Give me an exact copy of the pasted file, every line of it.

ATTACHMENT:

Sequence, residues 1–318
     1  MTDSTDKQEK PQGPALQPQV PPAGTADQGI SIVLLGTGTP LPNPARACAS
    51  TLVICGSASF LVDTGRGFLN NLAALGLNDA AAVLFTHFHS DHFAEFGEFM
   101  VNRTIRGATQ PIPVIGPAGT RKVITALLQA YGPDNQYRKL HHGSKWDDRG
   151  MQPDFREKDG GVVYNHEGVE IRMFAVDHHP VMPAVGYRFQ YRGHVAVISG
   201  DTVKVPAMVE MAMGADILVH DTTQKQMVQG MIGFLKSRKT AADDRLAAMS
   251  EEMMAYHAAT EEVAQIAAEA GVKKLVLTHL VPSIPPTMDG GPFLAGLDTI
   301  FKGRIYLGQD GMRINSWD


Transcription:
Sequence, residues 1–318
     1  MTDSTDKQEK PQGPALQPQV PPAGTADQGI SIVLLGTGTP LPNPARACAS
    51  TLVICGSASF LVDTGRGFLN NLAALGLNDA AAVLFTHFHS DHFAEFGEFM
   101  VNRTIRGATQ PIPVIGPAGT RKVITALLQA YGPDNQYRKL HHGSKWDDRG
   151  MQPDFREKDG GVVYNHEGVE IRMFAVDHHP VMPAVGYRFQ YRGHVAVISG
   201  DTVKVPAMVE MAMGADILVH DTTQKQMVQG MIGFLKSRKT AADDRLAAMS
   251  EEMMAYHAAT EEVAQIAAEA GVKKLVLTHL VPSIPPTMDG GPFLAGLDTI
   301  FKGRIYLGQD GMRINSWD